Instagram can be a very useful tool for public engagement. Here are my ideas on how to use Instagram as an academic researcher, effectively.

Before we get started, reflect on who you want to reach with your content in the first place. Is Instagram where that audience is to be found or would it be more rewarding to connect with them via Twitter? Not every demography is Insta-savvy.

Don’t just go on Instagram because every other academic seems to be there. Get in there purposefully.

Now, here are my top 5 tips on how you may use Instagram as an academic researcher:

#1 Have clear purpose for your Instagram account

What do you want to say? Do you want to talk about the PhD life journey in general, or your research work specifically?

Is your Instagram account simply meant to help you generate traffic to your blog or it’s primarily for networking with colleagues in your field?

Why do you need an Instagram account?

#2 Understand who your target audience is

Social media is crowded. Everyone is trying to get heard above the noise. This is why companies like Facebook, Instagram, and Google, are profiting billions from ads.

For those of us taking the organic route (as opposed to ads), we need a strategy. And that strategy involves knowing exactly who you are speaking to.

Chances are that if you get the attention of the right person, the people who follow their Instagram account (and vice versa) would be similarly interested in you too. It is a social NETWORK after all.

Understanding your target audience doesn’t end with a one-word description – you need to dig further and do some research.

Who are they? What are they interested in? What are their pain-points or frustrations? Is there any value I can add with my knowledge? Are these pain-points areas I can address?

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#3 Create the content and have a plan

Sometimes people underestimate how much hard work content creation for social media is.

To be fair, many academic researchers also keep off social media because they consider it time-consuming and off little value to their work. I beg to differ on the latter, and I address this at the end of this article.

About content-creation being time-consuming, like everything else we already do, it just takes planning.

Now that you have a purpose for your Instagram channel and you understand who your key audiences are, you can tell where the knowledge you have overlaps with their needs.

Get creative and produce the content that speaks to your audience. But most importantly, have a content calendar that will allow you plan content in advance.

This is how not to get overwhelmed and stressed out over social media.

There are loads of apps out there you can use to schedule your content ahead; as long as your remember to check in from time to time to engage with your audience.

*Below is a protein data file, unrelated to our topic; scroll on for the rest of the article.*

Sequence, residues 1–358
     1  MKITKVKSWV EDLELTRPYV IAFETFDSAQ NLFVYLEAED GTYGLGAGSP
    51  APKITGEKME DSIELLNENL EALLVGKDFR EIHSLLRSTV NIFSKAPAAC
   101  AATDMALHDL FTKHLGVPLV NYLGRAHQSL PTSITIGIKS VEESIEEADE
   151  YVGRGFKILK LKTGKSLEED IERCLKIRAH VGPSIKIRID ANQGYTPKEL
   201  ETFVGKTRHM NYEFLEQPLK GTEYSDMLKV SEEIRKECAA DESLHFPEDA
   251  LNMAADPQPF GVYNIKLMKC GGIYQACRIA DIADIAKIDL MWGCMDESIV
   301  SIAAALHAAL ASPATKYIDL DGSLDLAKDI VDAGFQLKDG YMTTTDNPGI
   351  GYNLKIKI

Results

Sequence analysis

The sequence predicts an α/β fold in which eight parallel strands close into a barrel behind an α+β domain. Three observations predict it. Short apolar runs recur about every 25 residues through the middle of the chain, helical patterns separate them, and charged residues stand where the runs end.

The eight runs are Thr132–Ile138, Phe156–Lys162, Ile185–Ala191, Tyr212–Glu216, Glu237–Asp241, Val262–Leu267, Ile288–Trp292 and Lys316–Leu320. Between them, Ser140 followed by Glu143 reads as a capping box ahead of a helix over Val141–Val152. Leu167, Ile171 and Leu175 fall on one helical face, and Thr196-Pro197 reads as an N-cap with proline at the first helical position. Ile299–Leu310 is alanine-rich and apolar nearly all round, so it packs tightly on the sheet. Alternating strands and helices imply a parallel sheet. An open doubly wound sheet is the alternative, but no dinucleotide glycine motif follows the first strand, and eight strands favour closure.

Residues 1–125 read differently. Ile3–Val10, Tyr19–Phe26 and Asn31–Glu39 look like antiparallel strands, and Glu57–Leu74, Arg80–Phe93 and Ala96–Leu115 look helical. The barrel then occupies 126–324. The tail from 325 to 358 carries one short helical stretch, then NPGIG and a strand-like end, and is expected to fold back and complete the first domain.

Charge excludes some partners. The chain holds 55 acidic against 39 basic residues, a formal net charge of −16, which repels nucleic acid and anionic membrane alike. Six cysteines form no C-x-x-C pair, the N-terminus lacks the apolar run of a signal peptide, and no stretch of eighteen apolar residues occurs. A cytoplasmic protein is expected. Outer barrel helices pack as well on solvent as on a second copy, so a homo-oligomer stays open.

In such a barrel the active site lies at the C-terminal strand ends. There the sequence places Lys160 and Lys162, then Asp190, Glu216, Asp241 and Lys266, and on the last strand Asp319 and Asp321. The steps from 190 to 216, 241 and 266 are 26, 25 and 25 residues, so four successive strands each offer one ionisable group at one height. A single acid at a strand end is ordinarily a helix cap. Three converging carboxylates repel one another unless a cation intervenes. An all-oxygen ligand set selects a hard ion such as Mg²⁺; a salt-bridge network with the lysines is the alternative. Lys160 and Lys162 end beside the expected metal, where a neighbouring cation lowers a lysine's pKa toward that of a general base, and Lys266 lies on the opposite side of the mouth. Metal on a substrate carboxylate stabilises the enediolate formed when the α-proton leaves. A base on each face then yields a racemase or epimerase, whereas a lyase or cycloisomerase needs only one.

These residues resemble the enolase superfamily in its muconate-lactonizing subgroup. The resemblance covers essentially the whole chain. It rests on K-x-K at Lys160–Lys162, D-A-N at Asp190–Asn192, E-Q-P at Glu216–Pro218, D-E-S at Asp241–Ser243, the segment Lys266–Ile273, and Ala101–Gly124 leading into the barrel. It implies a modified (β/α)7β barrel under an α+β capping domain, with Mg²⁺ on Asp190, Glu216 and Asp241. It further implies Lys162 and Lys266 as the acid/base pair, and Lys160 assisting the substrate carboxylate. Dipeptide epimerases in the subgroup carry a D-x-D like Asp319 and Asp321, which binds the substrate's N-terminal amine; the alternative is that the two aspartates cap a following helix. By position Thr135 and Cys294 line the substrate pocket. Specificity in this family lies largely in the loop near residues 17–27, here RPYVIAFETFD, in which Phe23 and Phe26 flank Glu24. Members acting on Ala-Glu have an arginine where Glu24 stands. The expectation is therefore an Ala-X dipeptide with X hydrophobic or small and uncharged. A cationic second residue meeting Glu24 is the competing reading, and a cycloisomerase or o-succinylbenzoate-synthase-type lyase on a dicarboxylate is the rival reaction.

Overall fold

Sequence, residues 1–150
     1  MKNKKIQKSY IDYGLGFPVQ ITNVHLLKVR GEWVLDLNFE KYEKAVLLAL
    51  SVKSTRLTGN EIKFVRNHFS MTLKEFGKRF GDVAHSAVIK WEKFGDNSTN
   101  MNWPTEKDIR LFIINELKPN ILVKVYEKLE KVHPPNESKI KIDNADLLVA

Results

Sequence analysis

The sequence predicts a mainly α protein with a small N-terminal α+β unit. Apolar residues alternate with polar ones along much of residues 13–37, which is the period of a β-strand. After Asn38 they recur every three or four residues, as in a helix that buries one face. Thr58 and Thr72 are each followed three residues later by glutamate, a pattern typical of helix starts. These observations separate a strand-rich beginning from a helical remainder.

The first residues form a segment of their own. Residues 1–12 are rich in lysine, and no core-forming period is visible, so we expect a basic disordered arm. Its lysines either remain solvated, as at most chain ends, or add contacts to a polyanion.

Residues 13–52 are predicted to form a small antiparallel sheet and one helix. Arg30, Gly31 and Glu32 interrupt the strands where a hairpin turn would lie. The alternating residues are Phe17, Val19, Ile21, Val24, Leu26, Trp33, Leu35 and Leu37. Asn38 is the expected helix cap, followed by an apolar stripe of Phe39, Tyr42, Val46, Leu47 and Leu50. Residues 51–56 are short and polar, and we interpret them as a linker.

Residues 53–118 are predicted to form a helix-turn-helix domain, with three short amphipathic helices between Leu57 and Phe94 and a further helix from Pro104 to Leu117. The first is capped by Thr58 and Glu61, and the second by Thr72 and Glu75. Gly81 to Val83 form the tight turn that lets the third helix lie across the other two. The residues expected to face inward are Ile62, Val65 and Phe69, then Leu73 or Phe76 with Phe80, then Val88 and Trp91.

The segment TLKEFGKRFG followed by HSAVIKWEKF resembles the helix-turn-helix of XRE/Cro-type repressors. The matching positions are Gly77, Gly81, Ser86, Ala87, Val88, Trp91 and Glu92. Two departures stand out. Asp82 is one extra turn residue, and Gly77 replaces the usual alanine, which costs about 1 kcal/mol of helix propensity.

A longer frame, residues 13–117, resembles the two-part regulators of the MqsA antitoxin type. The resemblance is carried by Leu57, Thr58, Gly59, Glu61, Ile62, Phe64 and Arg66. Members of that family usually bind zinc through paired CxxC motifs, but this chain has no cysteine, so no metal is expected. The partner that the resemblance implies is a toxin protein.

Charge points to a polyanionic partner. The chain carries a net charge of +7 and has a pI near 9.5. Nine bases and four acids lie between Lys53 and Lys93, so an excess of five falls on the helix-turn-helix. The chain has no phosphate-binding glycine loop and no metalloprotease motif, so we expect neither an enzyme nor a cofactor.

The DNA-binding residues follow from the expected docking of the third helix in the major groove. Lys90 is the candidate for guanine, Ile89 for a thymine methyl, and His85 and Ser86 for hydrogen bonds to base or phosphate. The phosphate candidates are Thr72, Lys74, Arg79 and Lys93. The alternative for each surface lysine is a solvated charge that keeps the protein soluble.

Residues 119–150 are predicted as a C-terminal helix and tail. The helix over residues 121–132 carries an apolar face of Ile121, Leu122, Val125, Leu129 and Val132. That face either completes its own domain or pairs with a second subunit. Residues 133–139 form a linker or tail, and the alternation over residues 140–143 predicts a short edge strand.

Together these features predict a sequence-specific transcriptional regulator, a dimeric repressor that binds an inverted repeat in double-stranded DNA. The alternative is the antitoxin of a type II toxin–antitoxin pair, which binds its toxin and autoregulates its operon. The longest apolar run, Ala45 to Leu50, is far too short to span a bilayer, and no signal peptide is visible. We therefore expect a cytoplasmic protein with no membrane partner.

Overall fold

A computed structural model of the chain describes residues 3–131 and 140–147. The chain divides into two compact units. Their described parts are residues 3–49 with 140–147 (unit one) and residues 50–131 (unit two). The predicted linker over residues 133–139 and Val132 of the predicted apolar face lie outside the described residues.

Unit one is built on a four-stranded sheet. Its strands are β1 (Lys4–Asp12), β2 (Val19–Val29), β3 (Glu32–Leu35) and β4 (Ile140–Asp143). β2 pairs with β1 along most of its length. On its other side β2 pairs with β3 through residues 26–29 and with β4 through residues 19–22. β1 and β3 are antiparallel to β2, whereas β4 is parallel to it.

You may also like to read: I am a woman in Science, and I love Instagram.

by Dr. Natalie Susman

#4 Promote your Instagram account

Don’t just create content and expect it to be found automatically.

Beyond competing against the noise online, your content is also grappling with the algorithm of the platform.

The algorithm determines how much of your content is visible, and the ranking factors used to make the selection change from time to time.

Rather than break sweat trying to figure out what the ranking factors are, focus on creating value (content) for your audience. If you make your audience happy, Instagram is happy with you.

Value creation on Social Networks is measured by how much engagement you generate on your page, not just the number of followers you have.

Use every tool at your disposal to promote your Instagram channel.

Link to to your channel in your email signatures, plunk it on your introduction slides at conferences, print it on your business cards (if you still use those, no judgement), and boldly display it on your blog or website.

You may also like to read: Personal branding for academics

By Dr. Tee Ola

#5 Engage your audience

Don’t treat your Instagram channel like a noticeboard or public service announcement channel.

Get your audience engaged – and there are various techniques to do this. Ask questions in images and captions, and genuinely pay attention to the answers.

We do this a lot, especially on the Stylish Academic Facebook Group. It says your opinion counts.

Make use of the cool features on Instagram – the polls, quizzes, sliders etc.

Also follow your audience and listen. I don’t mean this in a creepy way. I just mean pay attention. Ask for feedback even.

Why should you use Instagram as an academic researcher?

  • It’s a cheap and easy way to get the wider public involved with your research
  • It’s a great networking tool to connect with fellow researchers in your field, especially across the world
  • It reduces the feeling of isolation that often comes with thesis writing and research generally
  • Engagement on this platform is measurable, so you can demonstrate the value of what you do in facts and figures

There is so much more we can talk about when it comes to deciding on the name of your Instagram channel, kind of content, how to write captions and so on. Let me know in the comment section, if this is something you might be interested in.

In the meantime, coming soon are my shortlist of academics doing Instagram for research right.

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Tee Ola is the Managing Editor at Stylish Academic. She completed her PhD in Digital Media and Public Culture in 2015 from the University of Warwick, during which time she founded Stylish Academic. Tee works as a Digital Strategy & UX Consultant by day and Managing Editor + fitness girl by night. She’s on Instagram as @thetomiola.